Two executives at US pharmaceutical firm Regeneron sold $1 million in stock the first trading day after the White House revealed Donald Trump had been given the drug, and the president spoke effusively about the treatment.
Joseph Goldstein, who sits on the company’s board of directors, and Marion McCourt, SVP and head of commercial, exercised stock options that let them sell a total of 10,200 shares for a net profit of over $1 million (£766,500).
According to filings, the sale made about $740,000 for Goldstein and $260,000 for McCourt.
Trump posted a video praising the company’s antibody treatment, and Regeneron’s stock jumped over 3 per cent in after-hours trading.
On Monday, when markets opened, Regeneron stock prices surged from $564 to over $600 a share, and Goldstein and McCourt’s stock was sold.
A spokesperson for Regeneron said that the stock sales done by the executives were pre-planned, and done through a mechanism that was designed to avoid accusations of insider trading.
The experimental antibody treatment is not yet commercially available, has not passed formal trials or been approved by the Food and Drug Administration.
Yet on October 2 the president was administered the drug, which he now credits for his swift recovery.
He spent October 2-5 in the Walter Reed hospital, and then on October 7 he released a video touting the benefits of Regeneron’s treatment.
“I got back a day ago from Walter Reed medical center,” he said. «I spent four days there, I went in, I wasn’t feeling so hot, and within a very short period of time they gave me Regeneron. It’s called Regeneron. And other things too, but I think this was the key. They gave me Regeneron.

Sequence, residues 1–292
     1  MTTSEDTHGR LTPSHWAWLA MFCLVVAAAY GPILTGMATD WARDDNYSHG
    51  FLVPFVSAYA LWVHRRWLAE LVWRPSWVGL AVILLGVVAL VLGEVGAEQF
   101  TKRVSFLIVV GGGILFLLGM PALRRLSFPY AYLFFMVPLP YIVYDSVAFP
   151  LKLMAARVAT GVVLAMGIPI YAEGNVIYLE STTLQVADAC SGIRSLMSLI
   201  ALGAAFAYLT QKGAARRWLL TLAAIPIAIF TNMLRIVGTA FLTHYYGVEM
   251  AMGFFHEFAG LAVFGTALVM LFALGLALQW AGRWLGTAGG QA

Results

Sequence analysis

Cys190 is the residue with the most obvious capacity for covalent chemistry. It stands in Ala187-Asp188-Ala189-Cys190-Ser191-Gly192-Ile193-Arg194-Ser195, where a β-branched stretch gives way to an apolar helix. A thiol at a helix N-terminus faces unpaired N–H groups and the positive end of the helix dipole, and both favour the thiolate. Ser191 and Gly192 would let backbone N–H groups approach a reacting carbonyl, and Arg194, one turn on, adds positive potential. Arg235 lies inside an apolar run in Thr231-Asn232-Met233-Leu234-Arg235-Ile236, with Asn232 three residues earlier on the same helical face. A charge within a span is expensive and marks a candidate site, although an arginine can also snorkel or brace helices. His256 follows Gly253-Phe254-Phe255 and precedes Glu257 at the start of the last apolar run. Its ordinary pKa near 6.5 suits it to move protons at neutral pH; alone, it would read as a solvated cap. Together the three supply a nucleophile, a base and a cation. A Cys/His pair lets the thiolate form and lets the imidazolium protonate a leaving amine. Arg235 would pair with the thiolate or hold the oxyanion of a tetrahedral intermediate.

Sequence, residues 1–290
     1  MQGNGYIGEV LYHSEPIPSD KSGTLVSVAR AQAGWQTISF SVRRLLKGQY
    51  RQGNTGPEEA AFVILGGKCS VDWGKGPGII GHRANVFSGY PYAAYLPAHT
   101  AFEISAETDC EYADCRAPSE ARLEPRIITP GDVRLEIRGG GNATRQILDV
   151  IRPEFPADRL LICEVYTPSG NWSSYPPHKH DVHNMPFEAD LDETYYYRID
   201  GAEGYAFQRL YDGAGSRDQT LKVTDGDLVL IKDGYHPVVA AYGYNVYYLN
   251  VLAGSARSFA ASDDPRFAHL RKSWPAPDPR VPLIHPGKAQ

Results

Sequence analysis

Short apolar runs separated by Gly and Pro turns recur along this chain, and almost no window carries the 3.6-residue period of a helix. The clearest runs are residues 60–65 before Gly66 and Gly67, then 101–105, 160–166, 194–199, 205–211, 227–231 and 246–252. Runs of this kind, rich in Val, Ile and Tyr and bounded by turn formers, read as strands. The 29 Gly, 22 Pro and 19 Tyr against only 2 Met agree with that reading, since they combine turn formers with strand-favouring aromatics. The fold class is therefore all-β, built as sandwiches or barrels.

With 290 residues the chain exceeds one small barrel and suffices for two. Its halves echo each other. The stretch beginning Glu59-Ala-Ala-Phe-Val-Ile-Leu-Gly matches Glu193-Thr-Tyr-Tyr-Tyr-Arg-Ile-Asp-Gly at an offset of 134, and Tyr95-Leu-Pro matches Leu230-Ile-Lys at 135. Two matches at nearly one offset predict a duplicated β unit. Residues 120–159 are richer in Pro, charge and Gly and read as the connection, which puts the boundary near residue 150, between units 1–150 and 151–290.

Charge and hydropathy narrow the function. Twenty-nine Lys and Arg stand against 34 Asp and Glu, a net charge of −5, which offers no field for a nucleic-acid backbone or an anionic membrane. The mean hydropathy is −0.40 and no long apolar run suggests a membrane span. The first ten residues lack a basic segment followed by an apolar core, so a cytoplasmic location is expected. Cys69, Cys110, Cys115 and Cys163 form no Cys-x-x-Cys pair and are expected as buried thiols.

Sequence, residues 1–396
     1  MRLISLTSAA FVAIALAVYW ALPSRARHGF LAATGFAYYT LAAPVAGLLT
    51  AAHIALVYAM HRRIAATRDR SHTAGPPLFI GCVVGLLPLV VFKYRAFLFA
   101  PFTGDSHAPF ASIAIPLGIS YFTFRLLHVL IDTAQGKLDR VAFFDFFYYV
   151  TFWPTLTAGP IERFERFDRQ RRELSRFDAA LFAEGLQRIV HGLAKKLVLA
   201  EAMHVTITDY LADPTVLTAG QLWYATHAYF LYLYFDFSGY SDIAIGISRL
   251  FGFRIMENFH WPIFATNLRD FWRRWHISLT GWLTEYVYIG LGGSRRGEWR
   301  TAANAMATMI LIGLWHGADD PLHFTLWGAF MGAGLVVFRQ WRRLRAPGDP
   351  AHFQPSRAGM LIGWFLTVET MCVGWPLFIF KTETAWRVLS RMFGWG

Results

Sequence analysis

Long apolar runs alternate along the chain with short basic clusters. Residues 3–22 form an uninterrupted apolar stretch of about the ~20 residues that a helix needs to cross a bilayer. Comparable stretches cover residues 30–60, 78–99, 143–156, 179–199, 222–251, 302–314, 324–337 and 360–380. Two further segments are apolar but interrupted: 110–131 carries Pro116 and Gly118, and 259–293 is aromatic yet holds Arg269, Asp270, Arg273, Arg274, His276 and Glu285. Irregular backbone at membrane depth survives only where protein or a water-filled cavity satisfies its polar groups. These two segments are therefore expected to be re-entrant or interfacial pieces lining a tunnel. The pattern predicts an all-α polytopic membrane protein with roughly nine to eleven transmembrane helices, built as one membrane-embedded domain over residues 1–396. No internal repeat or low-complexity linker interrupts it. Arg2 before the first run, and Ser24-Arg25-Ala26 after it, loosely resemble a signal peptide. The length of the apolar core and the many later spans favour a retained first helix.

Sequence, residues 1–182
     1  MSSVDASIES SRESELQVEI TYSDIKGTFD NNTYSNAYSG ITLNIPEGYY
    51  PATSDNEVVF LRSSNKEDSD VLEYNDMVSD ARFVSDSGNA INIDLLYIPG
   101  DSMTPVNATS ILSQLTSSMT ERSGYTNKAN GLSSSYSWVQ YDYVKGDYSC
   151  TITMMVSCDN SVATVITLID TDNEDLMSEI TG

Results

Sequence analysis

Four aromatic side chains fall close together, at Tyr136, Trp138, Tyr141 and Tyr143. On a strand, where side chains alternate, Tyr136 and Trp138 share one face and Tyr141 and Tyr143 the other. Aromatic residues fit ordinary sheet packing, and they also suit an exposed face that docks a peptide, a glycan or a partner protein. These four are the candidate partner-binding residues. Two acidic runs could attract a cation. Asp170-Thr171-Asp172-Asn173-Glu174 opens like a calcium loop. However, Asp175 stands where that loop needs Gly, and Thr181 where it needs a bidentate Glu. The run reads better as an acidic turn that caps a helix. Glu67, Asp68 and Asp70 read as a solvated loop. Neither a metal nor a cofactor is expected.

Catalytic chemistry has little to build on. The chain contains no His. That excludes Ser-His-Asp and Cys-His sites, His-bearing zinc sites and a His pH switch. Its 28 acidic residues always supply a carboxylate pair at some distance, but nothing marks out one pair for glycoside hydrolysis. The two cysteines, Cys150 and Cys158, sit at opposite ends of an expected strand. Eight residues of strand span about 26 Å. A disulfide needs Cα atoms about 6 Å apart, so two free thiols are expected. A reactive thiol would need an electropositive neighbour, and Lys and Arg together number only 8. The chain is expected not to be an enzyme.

«It was, like, unbelievable. I felt good immediately.
“So I just want say, we have Regeneron, we have a very similar drug from Eli Lilly, and they are coming out, and we’re trying to get them on an emergency basis.»
He said he was going to try and get it “for free” for everyone who needed it.
«The jobs the scientists and the labs have done is incredible.
“They call it therapeutics, but I don’t call it a therapeutic — I call that a cure.”
He said he felt having access to the treatment was “frankly more important than a vaccine.”
«I walked in, I wasn’t feeling good — and 24 hours later I walked out the hospital.
“I feel great. I feel perfect.”
He added: “It was incredible the way it worked, incredible.”
His effusive praise was mocked by the anti-Trump campaign group The Lincoln Project, which published a video spoofing Trump as a snakeoil salesman of the type frequently seen on US cable stations, in low-budget commercials.
Regeneron was founded in Tarrytown, New York, in 1988 by Leonard Schleifer.
The 67-year-old now has a fortune estimated by Forbes of $2.3 billion.
Regeneron executives have continued a steady trade in stocks in the company over the years, but that has increased since the coronavirus pandemic.
So far this year $248 million in stock has been sold by company insiders — an increase of $100 million compared to 2019 and 2018.
Trump’s three family trusts held investments in Regeneron and pharmaceutical giant Sanofi, a major shareholder in the company, the New York Times reports.
The president’s 2017 filing with the Office of Government Ethics disclosed that he had shares in the company, but those did not appear in his 2020 filing.